Combine the flag carrier being constantly visible with the fact that he can’t drop the flag. That means the waypoint cannot be removed until he dies. The flag is auto-pickup now, so you might be trying to grab that rocket launcher beside the flag but be stuck with a magnum instead. You’ve just marked yourself for death in a game where anybody with half a brain is going to spawn with a long-range rifle, and you can’t undo it. There’s certainly an argument to be made that this promotes teamwork. But remember what I mentioned before? There’s a fine line between gimping the carrier and forcing teamwork naturally. The flag carrier was always the key to winning the game. He was always going to be something people wanted to protect. But now the options that you have to protect him, the very definition of the word “protect” is diminished, narrowed, because the carrier has fewer options than ever before because he is broadcasted to the world and cannot defend himself at the level of anyone else in the match.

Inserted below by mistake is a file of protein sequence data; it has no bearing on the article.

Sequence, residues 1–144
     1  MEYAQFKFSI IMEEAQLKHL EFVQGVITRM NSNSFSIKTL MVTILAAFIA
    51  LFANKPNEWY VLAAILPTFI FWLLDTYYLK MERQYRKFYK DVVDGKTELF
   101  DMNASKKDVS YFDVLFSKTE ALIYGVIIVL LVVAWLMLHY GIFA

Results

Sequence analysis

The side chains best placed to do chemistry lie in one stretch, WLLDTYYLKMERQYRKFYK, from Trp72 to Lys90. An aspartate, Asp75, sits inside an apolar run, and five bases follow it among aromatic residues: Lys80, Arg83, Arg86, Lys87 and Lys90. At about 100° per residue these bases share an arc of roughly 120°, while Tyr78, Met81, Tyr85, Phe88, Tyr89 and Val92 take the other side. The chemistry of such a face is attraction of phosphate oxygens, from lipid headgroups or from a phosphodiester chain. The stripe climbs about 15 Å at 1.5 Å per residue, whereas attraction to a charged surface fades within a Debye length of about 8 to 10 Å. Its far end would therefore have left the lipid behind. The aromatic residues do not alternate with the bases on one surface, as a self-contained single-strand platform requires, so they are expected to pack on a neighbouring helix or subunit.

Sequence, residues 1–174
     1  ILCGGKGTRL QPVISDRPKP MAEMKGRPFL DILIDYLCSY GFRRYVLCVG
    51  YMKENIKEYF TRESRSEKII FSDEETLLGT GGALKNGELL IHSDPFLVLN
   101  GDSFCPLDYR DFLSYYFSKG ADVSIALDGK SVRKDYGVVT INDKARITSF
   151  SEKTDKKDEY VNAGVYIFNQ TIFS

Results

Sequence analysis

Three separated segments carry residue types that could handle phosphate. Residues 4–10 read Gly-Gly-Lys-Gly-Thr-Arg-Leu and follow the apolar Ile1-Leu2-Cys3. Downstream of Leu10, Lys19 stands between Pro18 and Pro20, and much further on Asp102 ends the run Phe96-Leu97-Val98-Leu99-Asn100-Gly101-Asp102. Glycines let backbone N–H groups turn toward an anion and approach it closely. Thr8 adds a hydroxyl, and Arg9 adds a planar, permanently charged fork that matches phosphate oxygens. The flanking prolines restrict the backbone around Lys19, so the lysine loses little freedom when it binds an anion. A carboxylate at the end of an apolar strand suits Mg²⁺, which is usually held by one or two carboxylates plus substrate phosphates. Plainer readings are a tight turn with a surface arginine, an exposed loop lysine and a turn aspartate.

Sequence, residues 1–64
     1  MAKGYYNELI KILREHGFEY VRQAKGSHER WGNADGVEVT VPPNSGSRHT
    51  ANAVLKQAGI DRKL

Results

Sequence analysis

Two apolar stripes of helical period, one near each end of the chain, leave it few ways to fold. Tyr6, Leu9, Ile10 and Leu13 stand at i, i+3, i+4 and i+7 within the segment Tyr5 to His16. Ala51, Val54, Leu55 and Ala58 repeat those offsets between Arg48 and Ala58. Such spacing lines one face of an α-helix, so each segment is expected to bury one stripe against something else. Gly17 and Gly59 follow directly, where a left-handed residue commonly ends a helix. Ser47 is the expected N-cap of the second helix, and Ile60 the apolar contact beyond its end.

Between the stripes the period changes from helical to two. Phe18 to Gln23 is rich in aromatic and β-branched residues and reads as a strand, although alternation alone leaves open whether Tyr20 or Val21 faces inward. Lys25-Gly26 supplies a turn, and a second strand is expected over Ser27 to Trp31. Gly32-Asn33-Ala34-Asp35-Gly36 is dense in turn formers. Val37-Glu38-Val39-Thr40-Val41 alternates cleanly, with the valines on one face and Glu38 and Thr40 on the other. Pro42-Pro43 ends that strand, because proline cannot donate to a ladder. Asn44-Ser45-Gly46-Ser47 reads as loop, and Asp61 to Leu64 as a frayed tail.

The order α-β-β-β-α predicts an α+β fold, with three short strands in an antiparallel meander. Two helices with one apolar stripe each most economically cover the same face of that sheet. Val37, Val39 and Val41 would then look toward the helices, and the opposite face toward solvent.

Offense is naturally harder than defense. You’re assaulting an entrenched position with a small number of possible entrances that the enemy can set up shop near, and they’re just waiting for you to make your move. Reach Objective offense is ridiculously difficult against a similarly-skilled team, Asylum CTF matches, the most common, end 0-0 with alarming frequency due to the effectiveness of the main weapon, grenades, and the player count all being focused on a singular point on the map: the flag that’s being contested. Teamwork was already a requirement if you wanted to be serious about winning matches in that playlist. What does this do but make offense even more difficult through introduction of an incredibly artificial mechanic?
The waypoint is the big deal to me. Everything else could work well enough if that were not in the mix. There’s giving your players good feedback, and there’s giving them too much information. This falls strictly into the latter category as far as I’m concerned.
Caveat: I haven’t played the game. It might be awesome. I don’t know. I can only put these changes in the context of previous games in the series and how I would feel about them then. I feel that it generalizes well enough to make my predictions accurate. Maybe you disagree, and that’s fine. Just know where I’m coming from.